Friday, September 24, 2010

crisis, flux--practice as usual

"How morally to respond to change when even our moral sources are changing – is an ancient question," blogs Mike Hogue, in his blog on Tikkun magazine's site.

Changing moral grounding has always been part of the human predicament, but the pace of that change is becoming itself a challenge: "The problem is that the increasing velocity of change in our world, and the scale and intensification of our moral problems may be out-pacing (velocity) and out-spacing (scale) and out-deepening (intensity) our existing moral visions."

He asks, "Are we up to it? Are our moral and religious traditions capable of the radical changes called for by our contemporary challenges?"

Hogue reminds us that "Religious and moral revolutions are not about tweaking things; they are not simply about adjusting principles and norms or reinterpreting symbols and rituals. They emerge through deeper change – change in the deeper infrastructure of religious consciousness and moral practice: changing the world depends on changing lives (minds, hearts and hands)."

He then writes, "Of course not all change is morally constructive, and religious communities have an ambiguous moral history. But our religious communities and institutions, for good and for ill, are the world’s most powerful transformers of cultural imagination and moral practice."

I wonder if this is still true. Perhaps television and/or the internet are more powerful--again for good and for ill.

Or perhaps those technologies are simply tools, for we humans to use. As individuals and as gathered communities, we are still doing the work of co-creating justice, in whatever context we find ourselves.

For example, a number of contemporary spiritual practitioners and philosophers are engaged in an ongoing conversation, the Beyond Awakening series of conference calls, to which over 20,000 people are listening (and downloading), as the leaders discuss how we might adapt/recreate spiritual practices to better ground ourselves as we face the needs of our present time. Perhaps this is just a different form of ecclesia.

Whatever practices we use, however we gather, I agree with Hogue that "Justice is co-created through the joining of deep neighbor-love with delight in the holy.”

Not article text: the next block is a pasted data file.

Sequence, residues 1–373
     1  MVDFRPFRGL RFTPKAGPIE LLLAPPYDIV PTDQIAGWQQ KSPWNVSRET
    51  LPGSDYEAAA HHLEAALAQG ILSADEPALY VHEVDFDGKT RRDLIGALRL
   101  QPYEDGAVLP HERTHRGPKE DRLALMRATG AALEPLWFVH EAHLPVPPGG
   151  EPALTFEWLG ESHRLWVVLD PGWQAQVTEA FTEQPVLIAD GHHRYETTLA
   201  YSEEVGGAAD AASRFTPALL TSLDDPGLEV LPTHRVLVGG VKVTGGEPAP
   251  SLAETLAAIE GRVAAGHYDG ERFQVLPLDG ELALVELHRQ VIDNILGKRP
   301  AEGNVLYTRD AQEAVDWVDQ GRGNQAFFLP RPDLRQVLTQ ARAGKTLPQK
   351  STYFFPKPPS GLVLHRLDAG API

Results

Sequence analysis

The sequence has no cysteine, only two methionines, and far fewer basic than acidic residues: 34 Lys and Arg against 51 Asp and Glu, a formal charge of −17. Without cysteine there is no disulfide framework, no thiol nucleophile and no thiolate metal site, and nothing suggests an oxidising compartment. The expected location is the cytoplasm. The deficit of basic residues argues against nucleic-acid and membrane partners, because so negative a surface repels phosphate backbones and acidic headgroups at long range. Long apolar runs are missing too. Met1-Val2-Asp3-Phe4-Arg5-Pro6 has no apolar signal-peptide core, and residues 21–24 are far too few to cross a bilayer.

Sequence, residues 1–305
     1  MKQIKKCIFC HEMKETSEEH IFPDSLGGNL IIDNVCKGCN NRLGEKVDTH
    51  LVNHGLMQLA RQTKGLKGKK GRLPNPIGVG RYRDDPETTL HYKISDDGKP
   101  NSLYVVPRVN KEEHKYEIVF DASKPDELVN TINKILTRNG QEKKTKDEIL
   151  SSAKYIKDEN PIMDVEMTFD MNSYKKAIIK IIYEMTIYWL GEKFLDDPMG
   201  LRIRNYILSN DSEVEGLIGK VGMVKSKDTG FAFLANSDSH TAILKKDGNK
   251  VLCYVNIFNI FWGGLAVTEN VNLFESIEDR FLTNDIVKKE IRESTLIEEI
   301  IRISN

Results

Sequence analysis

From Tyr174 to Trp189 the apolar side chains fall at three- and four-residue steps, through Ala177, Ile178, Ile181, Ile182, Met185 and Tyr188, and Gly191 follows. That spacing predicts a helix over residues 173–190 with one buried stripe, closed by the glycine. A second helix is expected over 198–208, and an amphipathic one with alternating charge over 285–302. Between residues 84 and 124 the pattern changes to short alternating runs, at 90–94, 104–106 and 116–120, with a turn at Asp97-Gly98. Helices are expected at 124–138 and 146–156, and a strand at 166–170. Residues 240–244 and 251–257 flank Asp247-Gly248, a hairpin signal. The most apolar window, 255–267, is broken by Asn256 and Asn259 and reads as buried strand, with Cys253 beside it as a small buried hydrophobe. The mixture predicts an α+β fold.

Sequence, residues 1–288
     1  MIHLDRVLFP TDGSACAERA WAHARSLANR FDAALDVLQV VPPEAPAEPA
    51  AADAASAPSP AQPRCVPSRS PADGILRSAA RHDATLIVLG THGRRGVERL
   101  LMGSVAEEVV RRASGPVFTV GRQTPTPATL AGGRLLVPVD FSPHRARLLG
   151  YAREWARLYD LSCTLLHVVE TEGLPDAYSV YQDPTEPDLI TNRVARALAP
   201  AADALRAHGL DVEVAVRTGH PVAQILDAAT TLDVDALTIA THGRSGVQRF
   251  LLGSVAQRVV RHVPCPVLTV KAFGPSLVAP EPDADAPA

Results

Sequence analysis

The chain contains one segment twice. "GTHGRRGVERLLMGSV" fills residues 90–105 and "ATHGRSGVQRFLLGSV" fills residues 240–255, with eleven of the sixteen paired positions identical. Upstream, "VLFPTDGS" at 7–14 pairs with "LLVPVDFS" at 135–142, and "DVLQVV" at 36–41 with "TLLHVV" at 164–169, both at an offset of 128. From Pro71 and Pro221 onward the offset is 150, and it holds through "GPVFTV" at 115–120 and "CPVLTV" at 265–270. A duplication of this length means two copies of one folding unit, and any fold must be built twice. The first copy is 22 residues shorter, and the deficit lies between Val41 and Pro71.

There is also a nice conversation in the comments section, as Erik Walker Wikstrom summarizes Tom Driver's book, "Christ in a Changing World"--The one place we will *not* find the Christ is in the past, because Christ is change, is transformation. Hogue agrees, "The Christ need not be a singular historical person, but a character continually calling out for imitation in the present...the Christ can be understood as a model of the kenotic (self-emptying), radically other-regarding life of faith."

It does seem as though the pace--and scale, and intensity--of change is daunting. I know I am struggling to find and embody a practice that grounds me and guides me. But I *am* seeking that practice, and Hogue and the "Beyond Awakening" folks *are* searching for such practices, and we humans have always been engaged in adapting our selves to meet our contexts. Transforming ourselves and our moral practices is *critical* to the survival of our species. Just like it always has been.


At 7:36 AM, Blogger Chip said...

...and there are practices that we don't need to over-think, to worry about transforming them to transform our evolving world. From the theologian / poet Naomi Shihab Nye:


These shriveled seeds we plant,
corn kernel, dried bean,
poke into loosened soil,
cover over with measured fingertips

These T-shirts we fold into
perfect white squares

These tortillas we slice and fry to crisp strips
This rich egg scrambled in a gray clay bowl

This bed whose covers I straighten
smoothing edges till blue quilt fits brown blanket
and nothing hangs out

This envelope I address
so the name balances like a cloud
in the center of sky

This page I type and retype
This table I dust till the scarred wood shines
This bundle of clothes I wash and hang and wash again
like flags we share, a country so close
no one needs to name it

The days are nouns: touch them
The hands are churches that worship the world


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